South Asian children may need to be offered diet and exercise advice before the age of 10 to cut their risk of diabetes in later life, UK researchers believe.
Dr Peter Whincup and colleagues from the division of community health services at the University of London studied 4,796 children between nine and 10 years old.
The group included 1,306 South Asian, 1,153 white European and 1,215 black African-Caribbean children.
The researchers found that ethnic differences in type-2 diabetes precursors were apparent in this group, including HbA1c, fasting insulin, triglyceride and CRP.
They suggest that these differences offer opportunities for early prevention, with the aim of encouraging physical activity, improving nutrition and preventing obesity.
The differences in type-2 diabetes precursors mostly followed adult patterns and were not accounted for by higher adiposity levels among South Asians, as assessed using skinfolds and bioimpedance.
Fasting insulin levels were 29 per cent higher in South Asian than white European children, triglyceride levels were 14 per cent higher and CRP levels were 43 per cent higher.
The researchers said the findings showed for the first time that 'ethnic differences in type-2 diabetes precursors are present in apparently healthy children at the end of the first decade'.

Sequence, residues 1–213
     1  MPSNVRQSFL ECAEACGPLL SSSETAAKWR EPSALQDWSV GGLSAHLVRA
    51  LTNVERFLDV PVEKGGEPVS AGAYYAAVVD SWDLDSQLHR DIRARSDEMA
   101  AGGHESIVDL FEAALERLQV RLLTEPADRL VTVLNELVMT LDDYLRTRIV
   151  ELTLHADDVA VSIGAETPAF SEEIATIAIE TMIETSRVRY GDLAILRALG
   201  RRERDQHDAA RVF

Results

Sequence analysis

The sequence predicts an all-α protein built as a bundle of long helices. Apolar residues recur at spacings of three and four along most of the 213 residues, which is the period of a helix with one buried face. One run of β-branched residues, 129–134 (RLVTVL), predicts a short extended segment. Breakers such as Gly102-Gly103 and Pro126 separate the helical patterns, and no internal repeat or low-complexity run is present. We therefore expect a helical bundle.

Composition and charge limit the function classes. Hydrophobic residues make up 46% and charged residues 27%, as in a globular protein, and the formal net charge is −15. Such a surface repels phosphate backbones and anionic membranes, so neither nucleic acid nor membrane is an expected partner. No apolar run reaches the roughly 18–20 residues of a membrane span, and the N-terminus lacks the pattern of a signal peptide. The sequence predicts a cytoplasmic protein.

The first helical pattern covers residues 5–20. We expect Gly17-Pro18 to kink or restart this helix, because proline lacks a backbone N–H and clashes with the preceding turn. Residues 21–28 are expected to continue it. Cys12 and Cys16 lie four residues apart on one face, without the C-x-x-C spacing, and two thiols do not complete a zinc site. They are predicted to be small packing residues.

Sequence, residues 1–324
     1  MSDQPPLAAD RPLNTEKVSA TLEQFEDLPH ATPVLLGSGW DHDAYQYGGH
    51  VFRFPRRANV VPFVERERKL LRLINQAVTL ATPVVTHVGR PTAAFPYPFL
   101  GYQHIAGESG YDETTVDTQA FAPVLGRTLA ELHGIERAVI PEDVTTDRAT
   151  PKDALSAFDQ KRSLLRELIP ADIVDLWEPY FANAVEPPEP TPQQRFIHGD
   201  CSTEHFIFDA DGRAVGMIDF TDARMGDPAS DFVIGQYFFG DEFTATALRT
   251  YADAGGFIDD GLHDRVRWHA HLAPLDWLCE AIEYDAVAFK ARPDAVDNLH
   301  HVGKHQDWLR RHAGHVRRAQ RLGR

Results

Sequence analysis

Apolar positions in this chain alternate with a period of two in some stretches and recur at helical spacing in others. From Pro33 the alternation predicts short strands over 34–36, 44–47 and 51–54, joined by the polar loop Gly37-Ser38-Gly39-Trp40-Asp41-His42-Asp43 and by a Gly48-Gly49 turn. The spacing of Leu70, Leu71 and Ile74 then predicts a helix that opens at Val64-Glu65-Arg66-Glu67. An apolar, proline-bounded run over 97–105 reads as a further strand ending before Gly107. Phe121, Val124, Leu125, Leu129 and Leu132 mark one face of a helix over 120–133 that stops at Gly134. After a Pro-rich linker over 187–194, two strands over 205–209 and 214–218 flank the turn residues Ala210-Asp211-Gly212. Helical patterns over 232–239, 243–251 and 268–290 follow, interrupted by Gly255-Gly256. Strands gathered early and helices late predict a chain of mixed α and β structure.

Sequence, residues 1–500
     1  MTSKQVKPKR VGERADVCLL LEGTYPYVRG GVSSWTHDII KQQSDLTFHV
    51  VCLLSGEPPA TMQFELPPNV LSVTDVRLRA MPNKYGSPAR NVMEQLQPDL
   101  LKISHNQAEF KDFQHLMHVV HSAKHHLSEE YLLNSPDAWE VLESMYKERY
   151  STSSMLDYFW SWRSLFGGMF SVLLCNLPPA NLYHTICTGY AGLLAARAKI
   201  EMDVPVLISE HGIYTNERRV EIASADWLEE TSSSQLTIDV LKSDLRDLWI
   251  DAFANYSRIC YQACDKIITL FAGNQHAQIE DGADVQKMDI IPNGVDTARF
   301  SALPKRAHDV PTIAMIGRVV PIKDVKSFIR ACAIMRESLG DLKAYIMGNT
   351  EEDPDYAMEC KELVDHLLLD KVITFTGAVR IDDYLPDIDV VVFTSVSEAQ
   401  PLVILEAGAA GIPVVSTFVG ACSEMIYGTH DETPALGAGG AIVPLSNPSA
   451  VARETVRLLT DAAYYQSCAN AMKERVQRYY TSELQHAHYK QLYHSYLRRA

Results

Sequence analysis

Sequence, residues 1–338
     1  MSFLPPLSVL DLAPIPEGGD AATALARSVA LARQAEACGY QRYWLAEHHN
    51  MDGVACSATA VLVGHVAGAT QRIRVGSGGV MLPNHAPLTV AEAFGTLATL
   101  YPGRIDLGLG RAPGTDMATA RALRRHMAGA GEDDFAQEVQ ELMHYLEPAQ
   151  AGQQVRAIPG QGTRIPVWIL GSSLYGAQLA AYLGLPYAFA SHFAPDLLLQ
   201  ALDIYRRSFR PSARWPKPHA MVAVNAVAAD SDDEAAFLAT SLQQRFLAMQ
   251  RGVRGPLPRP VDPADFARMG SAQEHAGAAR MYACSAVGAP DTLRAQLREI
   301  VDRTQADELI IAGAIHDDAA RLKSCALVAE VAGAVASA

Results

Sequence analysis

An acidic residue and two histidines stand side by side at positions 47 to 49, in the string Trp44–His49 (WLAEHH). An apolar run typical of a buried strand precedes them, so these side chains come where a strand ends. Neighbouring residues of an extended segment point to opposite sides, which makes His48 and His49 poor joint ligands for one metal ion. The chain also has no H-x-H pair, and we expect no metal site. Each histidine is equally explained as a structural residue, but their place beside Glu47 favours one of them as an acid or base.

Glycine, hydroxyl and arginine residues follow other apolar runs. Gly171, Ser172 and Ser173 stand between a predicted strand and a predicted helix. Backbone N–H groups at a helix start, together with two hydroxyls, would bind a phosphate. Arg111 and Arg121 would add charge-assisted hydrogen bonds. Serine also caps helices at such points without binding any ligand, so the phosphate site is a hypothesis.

Black African-Caribbean children also had higher levels of HbA1c, insulin, and CRP than white Europeans. However, the differences were not as marked as those between South Asian and white European children.
Black African-Caribbean children had higher HDL-cholesterol and lower triglyceride levels than white Europeans; adiposity markers were not increased.
The researchers said the results imply that ethnic differences in type-2 diabetes are persisting in UK-born South Asians.
They added: '(The results) also suggest that at least some of the aetiological factors responsible for ethnic differences in insulin resistance and type-2 diabetes are operating well before adult life, potentially offering opportunities for early prevention.
'There is a particularly urgent need for preventive measures in high-risk ethnic groups, in which the benefits of prevention are potentially greater.'